The adaptation of Shakespeare through Twitter's affordances — for instance, in the summaries of the plays by blogger Amy Helmes (2012) — illustrates these dynamics. These tweets are the products of a creative opportunity opened up by the technological platform and are inextricably shaped by the character limits that are a fundamental property of the site's infrastructure. Consequently, these tweets do not favor a rich dialogic interaction that generates a profound critical interrogation of the plays. This is because, as Murthy describes, Twitter is "event-driven" and "designed to provoke and call forth regular updates from their users" (2013, 25). However, this is as much an effect of common ways of navigating and engaging with the technology as it is of the limitations of the archive, recall, and comment functions of the technical system. It is technically possible to develop a rich and lengthy discussion about interpretations of Shakespeare using a range of tweets, breaking the discourse into 140-character sequences, uploaded in succession, and to provoke interrogation of the text's meaning, such as in the performance of Romeo and Juliet described by Calbi (2013, 137-62). It is, however, simply "not done." Such interventions may function and be experienced as extraordinary art events rather than the richly meaningful, yet normatively structured and encoded, practices of interpretation and citation that constitute the everyday uses of the platform and that make up the bulk of the digital object that is Twitter's Shakespeare. It is more common to see merely spectral Shakespearean traces (Calbi 2013) in someone's username, in the incorporation of a quote, in a promotional tweet, or in any other context where the Bard's cultural valence is drawn upon.
It is important, however, not to over-estimate the agency of users in defining the technosocial affordances of any technology. The capacity of users to influence technological development meaningfully remains much less than that of the companies that produce platforms. True participatory design is rare indeed, and the various controversies of Facebook re-designs, where only rarely have consumer's interests and protests had a real impact on the system's structures, illustrate the unequal power relations between media producers and users (for instance, Bates 2008; Ionescu 2009). This gives the lie to the notion that the difference between consumers and producers has become less consequential in participatory culture, as implied by theorists such as Jenkins (2006). The agency to restructure the complex algorithms and end-user license agreements that encode activity does not belong directly to the average user. That said, productive agency is extended to users in digital media with greater extensity and intensity than in precursor forms, intersecting with the structuring principles of various other actors who together determine the contours of digital media texts.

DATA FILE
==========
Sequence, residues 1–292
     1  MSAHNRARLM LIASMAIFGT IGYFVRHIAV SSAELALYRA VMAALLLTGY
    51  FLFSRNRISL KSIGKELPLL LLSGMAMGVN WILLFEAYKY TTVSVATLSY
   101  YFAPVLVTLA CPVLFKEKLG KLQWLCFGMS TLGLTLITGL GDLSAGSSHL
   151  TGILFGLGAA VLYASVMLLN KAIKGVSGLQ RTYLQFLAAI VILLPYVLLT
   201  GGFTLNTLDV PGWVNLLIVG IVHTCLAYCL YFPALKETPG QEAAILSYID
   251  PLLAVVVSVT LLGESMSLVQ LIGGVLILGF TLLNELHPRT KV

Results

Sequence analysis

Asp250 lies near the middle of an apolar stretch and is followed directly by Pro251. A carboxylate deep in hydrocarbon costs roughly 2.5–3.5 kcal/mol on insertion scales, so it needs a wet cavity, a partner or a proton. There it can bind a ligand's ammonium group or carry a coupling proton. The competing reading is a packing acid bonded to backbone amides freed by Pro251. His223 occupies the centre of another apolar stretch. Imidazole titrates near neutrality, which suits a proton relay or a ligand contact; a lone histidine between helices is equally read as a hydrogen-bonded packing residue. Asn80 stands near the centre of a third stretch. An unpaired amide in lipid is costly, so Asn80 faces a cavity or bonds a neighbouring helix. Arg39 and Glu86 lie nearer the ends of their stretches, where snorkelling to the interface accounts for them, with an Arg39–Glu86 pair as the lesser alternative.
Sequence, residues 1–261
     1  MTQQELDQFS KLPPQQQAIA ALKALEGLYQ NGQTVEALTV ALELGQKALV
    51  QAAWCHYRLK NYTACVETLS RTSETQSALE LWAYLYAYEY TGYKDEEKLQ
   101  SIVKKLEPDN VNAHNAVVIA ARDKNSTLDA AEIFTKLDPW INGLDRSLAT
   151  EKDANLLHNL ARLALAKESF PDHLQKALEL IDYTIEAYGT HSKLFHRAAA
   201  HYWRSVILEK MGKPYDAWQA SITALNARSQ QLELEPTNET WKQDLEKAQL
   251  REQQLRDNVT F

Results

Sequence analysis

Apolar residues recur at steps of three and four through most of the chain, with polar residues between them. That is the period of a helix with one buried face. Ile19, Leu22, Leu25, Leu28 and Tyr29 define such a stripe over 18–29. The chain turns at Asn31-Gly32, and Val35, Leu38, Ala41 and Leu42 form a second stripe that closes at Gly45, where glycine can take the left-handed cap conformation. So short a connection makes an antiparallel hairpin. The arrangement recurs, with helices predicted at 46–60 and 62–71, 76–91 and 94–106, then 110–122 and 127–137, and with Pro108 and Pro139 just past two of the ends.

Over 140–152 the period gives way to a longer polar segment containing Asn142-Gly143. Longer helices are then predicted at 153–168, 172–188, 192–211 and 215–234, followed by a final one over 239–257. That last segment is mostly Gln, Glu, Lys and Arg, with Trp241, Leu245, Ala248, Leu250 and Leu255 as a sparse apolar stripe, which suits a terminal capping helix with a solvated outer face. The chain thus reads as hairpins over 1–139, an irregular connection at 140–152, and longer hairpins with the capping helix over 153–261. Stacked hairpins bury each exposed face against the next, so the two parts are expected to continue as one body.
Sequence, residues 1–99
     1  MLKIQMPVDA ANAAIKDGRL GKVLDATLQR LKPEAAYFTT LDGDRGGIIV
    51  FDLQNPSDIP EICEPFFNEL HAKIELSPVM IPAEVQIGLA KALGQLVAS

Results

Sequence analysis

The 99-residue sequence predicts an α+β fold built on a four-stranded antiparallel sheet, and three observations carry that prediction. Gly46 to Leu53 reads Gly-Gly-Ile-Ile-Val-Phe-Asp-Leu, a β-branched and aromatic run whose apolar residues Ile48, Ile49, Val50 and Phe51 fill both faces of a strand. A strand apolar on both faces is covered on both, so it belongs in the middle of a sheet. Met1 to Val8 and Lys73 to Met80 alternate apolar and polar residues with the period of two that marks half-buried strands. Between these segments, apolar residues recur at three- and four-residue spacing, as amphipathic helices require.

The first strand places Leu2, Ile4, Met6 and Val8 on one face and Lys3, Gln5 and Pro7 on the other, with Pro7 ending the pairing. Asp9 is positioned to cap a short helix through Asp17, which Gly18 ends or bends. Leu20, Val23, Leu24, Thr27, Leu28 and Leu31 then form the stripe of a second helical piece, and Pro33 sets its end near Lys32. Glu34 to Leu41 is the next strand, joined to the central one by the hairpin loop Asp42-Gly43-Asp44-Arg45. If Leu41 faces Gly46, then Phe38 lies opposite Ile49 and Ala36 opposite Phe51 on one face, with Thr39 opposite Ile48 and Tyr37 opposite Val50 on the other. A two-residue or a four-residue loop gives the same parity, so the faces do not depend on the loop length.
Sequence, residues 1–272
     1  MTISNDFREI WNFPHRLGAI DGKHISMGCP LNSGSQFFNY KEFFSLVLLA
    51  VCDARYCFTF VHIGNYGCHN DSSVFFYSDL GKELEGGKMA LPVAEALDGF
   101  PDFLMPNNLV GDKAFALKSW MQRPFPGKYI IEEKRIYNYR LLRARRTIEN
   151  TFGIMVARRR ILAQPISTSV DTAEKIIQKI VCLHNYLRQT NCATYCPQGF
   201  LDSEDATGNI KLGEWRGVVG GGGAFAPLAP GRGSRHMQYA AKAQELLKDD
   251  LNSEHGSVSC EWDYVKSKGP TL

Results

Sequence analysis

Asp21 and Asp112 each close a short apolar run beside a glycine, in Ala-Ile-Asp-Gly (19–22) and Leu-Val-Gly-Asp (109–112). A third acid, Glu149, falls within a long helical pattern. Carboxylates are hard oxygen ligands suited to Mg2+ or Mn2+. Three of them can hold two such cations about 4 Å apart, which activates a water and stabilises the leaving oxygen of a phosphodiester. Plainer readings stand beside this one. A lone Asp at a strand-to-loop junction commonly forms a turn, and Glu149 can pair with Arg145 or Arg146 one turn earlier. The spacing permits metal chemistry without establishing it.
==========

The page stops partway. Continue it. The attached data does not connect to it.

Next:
Trilogical Technosocial Communication

That the question of agency in relation to affordances is so complex is crucial to emphasize. It serves to indicate the range of actors — technological, human, and institutional — that is implicated in digital media production. We argue here, however, that it is the interactions between these actors that need to be interrogated in order to bring social media's Shakespeares into view. Social media Shakespeare can be considered a cybertext, defined by Espen Aarseth (1997) as a text that is created and experienced through a computer. This is the central point of Jenny Weight's article "I, Apparatus, You: A Technosocial Introduction to Creative Practice" (2006). Weight (2006) suggests that the specificity of interactive digital media and its creative uses lies in a trilogical relationship between the user, the machine that they manipulate, and the software or code through which expressions are processed. Media Studies has long recognized the active role played by audiences and their gendered, classed, raced, or otherwise socially embedded decoding practices in the creation of meaning. It is in the relationship between the encoding of meaning by producers and the decoding practices of audience members that meaning emerges. However, rather than exhibiting this two-level structure of meaning-making, Kerr et al. (2006, 68) argue that digital media instead exhibit a three-level structure. In between the traditional two-levels of encoding and decoding is the physical manifestation of the user's individual choices that are inextricably tied to the technological systems with which they interact.